Your Ultimate Summer Pregnancy Survival Guide
Pregnancy is fascinating... and uncomfortable. You're creating a human, but you're also nauseated, swollen and tired. And with a summer pregnancy, you have the heat to deal with too.
Not only is it hotter outside, but your internal body temperature also rises, thanks to the hormone progesterone. When you're not pregnant, progesterone helps regulate your menstrual cycle. After you become pregnant, your body is flooded with progesterone, causing tons of changes - one being an increase in body temperature.
To keep you cool and comfortable this summer, Robert Grayson, MD, an obstetrician-gynecologist at Banner Desert Medical Center, shared these tips:
The best piece of advice is to make sure you drink lots of water. Pregnant women need 50 percent more water - about six 16 ounce glasses a day - no matter the temperature outside. Drinking water not only lowers your core temperature, it also helps with nausea.
Dr. Grayson offered these suggestions for staying hydrated:
- Place a bottle of water on your toilet before you go to bed. When you wake up during the night to use the bathroom, you’ll be reminded to drink. This will keep you hydrated through the night and reduce morning sickness.
- Set an alarm on your phone for every 4 hours during the day to keep your water intake on track. Do your best to drink throughout those 4 hours.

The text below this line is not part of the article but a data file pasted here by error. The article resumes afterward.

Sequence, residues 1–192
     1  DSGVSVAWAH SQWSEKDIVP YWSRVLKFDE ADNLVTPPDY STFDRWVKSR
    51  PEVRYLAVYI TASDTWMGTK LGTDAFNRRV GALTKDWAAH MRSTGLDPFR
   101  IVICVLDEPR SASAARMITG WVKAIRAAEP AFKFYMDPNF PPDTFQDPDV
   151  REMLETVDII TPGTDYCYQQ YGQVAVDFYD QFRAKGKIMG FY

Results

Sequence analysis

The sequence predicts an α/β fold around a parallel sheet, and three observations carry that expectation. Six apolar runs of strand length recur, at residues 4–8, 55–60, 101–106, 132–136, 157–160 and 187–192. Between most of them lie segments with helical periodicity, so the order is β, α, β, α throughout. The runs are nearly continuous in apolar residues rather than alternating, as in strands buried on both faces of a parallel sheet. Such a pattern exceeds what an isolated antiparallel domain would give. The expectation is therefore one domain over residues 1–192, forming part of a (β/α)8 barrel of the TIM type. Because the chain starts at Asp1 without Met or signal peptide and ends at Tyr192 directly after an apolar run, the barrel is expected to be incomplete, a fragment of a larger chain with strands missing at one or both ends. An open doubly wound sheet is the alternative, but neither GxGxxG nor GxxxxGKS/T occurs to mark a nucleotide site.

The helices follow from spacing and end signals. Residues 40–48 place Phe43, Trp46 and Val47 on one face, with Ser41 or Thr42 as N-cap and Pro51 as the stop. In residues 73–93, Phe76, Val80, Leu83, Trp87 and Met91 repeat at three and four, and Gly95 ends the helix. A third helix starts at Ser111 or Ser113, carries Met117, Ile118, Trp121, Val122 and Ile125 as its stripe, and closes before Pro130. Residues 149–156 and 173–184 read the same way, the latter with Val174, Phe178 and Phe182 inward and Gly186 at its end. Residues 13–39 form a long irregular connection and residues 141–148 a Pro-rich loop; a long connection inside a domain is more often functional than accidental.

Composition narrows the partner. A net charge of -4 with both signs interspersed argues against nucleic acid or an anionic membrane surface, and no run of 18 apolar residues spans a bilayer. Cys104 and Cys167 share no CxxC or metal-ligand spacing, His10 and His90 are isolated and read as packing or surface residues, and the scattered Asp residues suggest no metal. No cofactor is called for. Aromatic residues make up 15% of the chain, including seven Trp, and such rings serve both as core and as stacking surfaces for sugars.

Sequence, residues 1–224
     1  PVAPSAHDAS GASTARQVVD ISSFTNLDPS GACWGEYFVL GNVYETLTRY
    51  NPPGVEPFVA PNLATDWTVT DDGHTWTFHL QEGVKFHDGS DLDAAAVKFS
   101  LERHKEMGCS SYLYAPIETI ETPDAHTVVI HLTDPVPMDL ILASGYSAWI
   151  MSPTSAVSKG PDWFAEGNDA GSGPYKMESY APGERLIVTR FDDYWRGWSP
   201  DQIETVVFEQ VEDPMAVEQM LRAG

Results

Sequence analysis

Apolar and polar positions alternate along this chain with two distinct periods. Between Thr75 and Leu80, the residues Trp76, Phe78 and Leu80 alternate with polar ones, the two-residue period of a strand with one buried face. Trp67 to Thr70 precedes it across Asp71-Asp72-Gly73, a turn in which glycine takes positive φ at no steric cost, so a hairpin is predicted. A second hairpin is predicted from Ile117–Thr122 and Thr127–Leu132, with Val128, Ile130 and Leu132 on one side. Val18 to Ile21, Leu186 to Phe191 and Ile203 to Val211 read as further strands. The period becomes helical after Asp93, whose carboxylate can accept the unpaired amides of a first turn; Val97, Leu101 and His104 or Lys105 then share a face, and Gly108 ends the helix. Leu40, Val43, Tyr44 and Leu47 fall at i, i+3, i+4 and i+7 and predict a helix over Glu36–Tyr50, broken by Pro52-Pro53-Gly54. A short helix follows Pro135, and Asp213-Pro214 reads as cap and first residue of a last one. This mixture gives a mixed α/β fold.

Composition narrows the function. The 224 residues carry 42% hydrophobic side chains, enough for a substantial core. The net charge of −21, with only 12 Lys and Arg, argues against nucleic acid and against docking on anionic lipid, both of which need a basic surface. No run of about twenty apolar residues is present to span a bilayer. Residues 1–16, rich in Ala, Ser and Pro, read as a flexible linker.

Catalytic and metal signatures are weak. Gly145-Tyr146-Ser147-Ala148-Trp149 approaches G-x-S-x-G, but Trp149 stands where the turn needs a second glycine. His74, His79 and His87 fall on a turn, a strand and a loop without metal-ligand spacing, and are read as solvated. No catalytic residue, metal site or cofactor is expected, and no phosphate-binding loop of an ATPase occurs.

- Span out your water intake rather than drinking lots at once.
Avoid Heat Exposure
You've probably heard not to take hot showers during these 9 months. And there is some truth to it - you won't want to take an extra long, extra hot shower - but Dr. Grayson said a brief, warm shower is perfectly safe when pregnant.
However, taking a hot bath, a dip in a Jacuzzi or doing hot yoga - anything that emerges you in hot air or hot water - are no-nos for the entirety of your pregnancy.
Some other things to be wary of are heated car seats, heating pads and other similar items. When used for long enough these can cause harm to the baby, especially during your first trimester when the baby's organs are forming.
Use Sun Protection
Sun protection is important whether or not you’re pregnant. But in addition to the standard sunscreen and avoiding peak sun hours, Dr. Grayson also recommends wearing loose clothing. Loose clothing allows air to circulate and helps keep your core temperature down.